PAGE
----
I'm trying to find a way to simplify a complicated proof. The worst step of the proof involves a product of five 4×4 matrices. I'm hoping, perhaps naively, that if I could understand(adsbygoogle = window.adsbygoogle || []).push({}); whythe result of this operation is so simple, I may be able to explain the proof to others without actually doing the matrix multiplication.

The theorem is a statement about subgroups of GL(ℝ^{4}). I will denote the standard basis for ##\mathbb R^4## by ##\{e_0,e_1,e_2,e_3\}##, and label rows and columns of matrices from 0 to 3. (This convention is often used in relativity). The goal is to find all groups ##G\subset\mathrm{GL}(\mathbb R^4)## such that the subgroup of G that consists of all matrices of the form

\begin{pmatrix}* & * & * & *\\ 0 & * & * & *\\ 0 & * & * & *\\ 0 & * & * & *\end{pmatrix} is equal to the group of all matrices of the form

\begin{pmatrix}1 & 0 & 0 & 0\\ 0 & & & \\ 0 & & R & \\ 0 & & & \end{pmatrix} where R is a member of SO(3). I will use the notation U(R) for such a matrix. The theorem says that this assumption implies that G is either the group of Galilean boosts or the group of Lorentz boosts.

I will describe some of the key steps of the proof. The first step is the observation that for all ##\Lambda\in G##, there exist ##R,R'\in\mathrm{SO}(3)## such that the 20,30,21,31 components of ##\Lambda## are all zero. (This is the lower left 2×2 corner). This isn't particularly hard. If we write

$$\Lambda=\begin{pmatrix}a & b^T\\ c & D\end{pmatrix}$$ where a is a number, b,c are 3×1 matrices, and D is a 3×3 matrix, we have

$$U(R)\Lambda U(R') =\begin{pmatrix}a & b^TR'\\ Rc & RDR'\end{pmatrix}.$$ So all we need to do is to choose R,R' such that the last two rows of R are orthogonal to c, and the first column of R' is orthogonal to the last two rows of RD.

The next step is to show that if the lower left is all zeroes, then so is the upper right. This is simple once you have seen the trick. (I will post it on request). The proof then focuses on the subgroup that consists of matrices such that the lower left and upper right are both all zeroes. It contains a matrix of the form

$$M=\begin{pmatrix} a & b & 0 & 0\\ -vd & d & 0 & 0\\ 0 & 0 & k & 0\\ 0 & 0 & 0 & \pm k\end{pmatrix}.$$ This is where things get interesting (because it gets so complicated that you can fill many pages with nothing but matrix multiplication). Define

$$F(t)=\begin{pmatrix}1 & 0 & 0 & 0\\ 0 & \cos t & -\sin t & 0\\ 0 & \sin t & \cos t & 0\\ 0 & 0 & 0 & 1\end{pmatrix}$$ Now the idea is to consider the matrix ##M^{-1}F(t)M##, which doesn't have the pretty form that M does, and then bring it to the pretty form by a transformation ##X\mapsto U(R)XU(R')##. This is where the magic happens. We choose R,R' in the simplest possible way to ensure that the lower left of ##U(R)M^{-1}F(t)MU(R')## will be all zeroes, and the result turns out to beeven simplerthan M! This is the magic I would like to be able to explain.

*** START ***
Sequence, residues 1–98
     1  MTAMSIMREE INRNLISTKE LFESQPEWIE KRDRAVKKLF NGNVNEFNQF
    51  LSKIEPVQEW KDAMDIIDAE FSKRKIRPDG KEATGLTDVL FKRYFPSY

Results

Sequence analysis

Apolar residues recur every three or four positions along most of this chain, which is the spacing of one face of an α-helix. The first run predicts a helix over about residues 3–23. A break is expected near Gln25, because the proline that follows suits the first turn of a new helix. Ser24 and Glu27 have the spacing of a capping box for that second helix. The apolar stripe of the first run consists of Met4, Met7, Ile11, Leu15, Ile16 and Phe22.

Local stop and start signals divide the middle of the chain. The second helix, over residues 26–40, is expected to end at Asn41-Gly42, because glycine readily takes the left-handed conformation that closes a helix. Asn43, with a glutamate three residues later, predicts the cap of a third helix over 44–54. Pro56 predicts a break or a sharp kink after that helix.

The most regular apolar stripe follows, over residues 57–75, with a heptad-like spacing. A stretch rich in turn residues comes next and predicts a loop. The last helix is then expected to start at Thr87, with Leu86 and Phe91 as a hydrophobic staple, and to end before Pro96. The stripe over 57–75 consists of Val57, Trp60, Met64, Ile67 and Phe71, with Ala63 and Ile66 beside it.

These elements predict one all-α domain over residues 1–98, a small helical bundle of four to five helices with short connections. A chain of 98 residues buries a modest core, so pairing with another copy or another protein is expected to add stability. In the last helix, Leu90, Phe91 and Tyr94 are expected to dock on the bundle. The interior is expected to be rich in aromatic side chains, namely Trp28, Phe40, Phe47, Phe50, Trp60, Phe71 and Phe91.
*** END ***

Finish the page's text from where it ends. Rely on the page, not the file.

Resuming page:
It turns out that ##U(R)M^{-1}F(t)MU(R')## is of the form

$$\begin{pmatrix}f & g & 0 & 0\\ -wf & f & 0 & 0\\ 0 & 0 & 1 & 0\\ 0 & 0 & 0 & 1\end{pmatrix}.$$ Now the question is, how did this happen? How did we get rid of the lower left diagonal elements and why are the upper left diagonal elements equal?

I've been doing the matrix multiplication in Mathematica. (I will post the code on request). Its result for ##M^{-1}F(t)M## is

$$\left(

\begin{array}{cccc}

\frac{a+b v \cos (t)}{a+b v} & \frac{b-b \cos (t)}{a+b v} & \frac{b k \sin (t)}{a d+b v d} & 0 \\

\frac{2 a v \sin ^2\left(\frac{t}{2}\right)}{a+b v} & \frac{b v+a \cos (t)}{a+b v} & -\frac{a k \sin (t)}{a d+b v d} & 0 \\

-\frac{d v \sin (t)}{k} & \frac{d \sin (t)}{k} & \cos (t) & 0 \\

0 & 0 & 0 & 1

\end{array}

\right)$$ If we write this as

$$\begin{pmatrix}r & q^T\\ p & S\end{pmatrix},$$ we have

$$U(R)M^{-1}F(t)MU(R') =\begin{pmatrix}r & q^TR'\\ Rp & RSR'\end{pmatrix}.$$ Since p is in the 1-2 plane, we choose R to be a rotation in the 1-2 plane. And then we can choose R' to be a rotation in the 1-2 plane as well, since all we're trying to do is to "zero out" the lower left. When R and R' are chosen this way, we end up with the very simple result above.

The theorem (stated in a very awkward way) and its proof (sans matrix multiplication details) can as far as I know only be found in this book. Unfortunately, it's not possible to view all the pages. I had to go to a library to check it out. I think I understand the proof well enough to answer questions about it.

One final comment, the result we get doesn't have all zeroes in the upper right. Instead, we use the fact that theymustbe zero (by the lemma that says that if the lower left is all zeroes then so is the upper right) to determine a relationship between the variables, and use that to further simplify the non-zero components.

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# Geometric insight about rotations needed

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